Category Archives: overseas

Cross the Borders and Deceive

For the Dignified Dead


 Michael Genelin

A NetGalley Review

A tensely written story that crosses Europe and cultures. A female detective makes the links across multiple crimes, deaths, and countries, that culminate in a most unexpected outcome.

The writing style impressed me as it felt Eastern European in its cadence and grammar and the preciseness of a detective whose mind could make these links across so many clues and occurrences, in so many different countries.

This book did not read like an American novel. It read like a translation from a Baltic or Slavic language, which, from a western writer, was I thought impressive.

The story was complex and complicated and involved many disparate countries and police authorities. The detective amassed an enormous amount of travel miles – she hopped on planes like they were buses, in her quest to find the truth and to help find a lost boy.

In the end, she was surprised by the truth or the crimes and who committed them and just how far the conspiracy spread and who was involved and who was the mastermind, and thus just what her own role in the conspiracy turned out to be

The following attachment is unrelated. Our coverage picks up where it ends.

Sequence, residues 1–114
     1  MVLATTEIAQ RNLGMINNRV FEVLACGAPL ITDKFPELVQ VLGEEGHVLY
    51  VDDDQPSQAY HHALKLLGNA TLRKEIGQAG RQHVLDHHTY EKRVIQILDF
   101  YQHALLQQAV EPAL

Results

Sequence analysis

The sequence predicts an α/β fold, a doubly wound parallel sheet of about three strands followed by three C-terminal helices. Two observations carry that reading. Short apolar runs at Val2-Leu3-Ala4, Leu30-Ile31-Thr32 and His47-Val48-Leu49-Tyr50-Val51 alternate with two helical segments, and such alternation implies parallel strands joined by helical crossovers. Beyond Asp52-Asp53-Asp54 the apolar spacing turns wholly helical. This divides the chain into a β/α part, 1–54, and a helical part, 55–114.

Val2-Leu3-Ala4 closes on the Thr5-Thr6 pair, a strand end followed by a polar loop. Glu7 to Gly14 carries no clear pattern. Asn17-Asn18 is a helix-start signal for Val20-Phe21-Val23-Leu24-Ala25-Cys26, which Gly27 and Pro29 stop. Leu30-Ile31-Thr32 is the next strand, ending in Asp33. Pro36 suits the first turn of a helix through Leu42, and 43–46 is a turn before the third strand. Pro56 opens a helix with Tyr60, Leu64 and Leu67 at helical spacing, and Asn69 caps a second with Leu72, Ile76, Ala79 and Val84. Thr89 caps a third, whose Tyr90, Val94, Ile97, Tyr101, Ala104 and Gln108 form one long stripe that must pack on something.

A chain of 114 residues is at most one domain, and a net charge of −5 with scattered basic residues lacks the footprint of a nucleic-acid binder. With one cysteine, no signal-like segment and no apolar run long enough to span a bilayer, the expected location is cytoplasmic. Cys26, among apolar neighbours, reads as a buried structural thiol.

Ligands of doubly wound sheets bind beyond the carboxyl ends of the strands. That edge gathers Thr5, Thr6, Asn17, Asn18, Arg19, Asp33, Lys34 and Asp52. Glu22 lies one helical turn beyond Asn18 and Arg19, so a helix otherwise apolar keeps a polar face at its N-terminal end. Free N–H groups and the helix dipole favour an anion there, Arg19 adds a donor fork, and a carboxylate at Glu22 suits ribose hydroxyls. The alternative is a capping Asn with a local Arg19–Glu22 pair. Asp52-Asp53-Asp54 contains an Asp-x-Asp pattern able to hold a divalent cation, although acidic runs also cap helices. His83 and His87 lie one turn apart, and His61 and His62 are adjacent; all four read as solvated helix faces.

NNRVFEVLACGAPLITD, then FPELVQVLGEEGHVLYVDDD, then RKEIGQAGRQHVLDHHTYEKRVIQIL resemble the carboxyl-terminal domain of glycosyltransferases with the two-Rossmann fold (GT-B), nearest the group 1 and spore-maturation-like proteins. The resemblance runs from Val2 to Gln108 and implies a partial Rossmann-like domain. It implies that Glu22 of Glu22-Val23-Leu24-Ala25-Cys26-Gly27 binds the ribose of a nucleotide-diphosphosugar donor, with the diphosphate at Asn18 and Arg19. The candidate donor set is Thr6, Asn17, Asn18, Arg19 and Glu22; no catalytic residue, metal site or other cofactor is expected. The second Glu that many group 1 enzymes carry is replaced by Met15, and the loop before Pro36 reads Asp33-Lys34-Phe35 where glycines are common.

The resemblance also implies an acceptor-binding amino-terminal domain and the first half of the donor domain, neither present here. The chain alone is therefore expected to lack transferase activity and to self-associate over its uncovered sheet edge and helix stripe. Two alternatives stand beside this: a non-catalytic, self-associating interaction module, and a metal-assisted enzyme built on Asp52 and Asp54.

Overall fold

Hot and steamy and up in the hills – tea anyone?

The Tea Planter’s Wife


Dinah Jeffries

A NetGalley Review

The Tea Plantations owners and their way of life feels hot, steamy, immensely privileged, full of snide gossip and hidden secrets.


We really feel the atmosphere of Ceylon before the Second World War, as it was then known, when we read this book.


According to the author it is set between 1925 and 1934 and all the events that happened to the Western world have their impact on Ceylon but often some time later as information was passed along much more slowly then.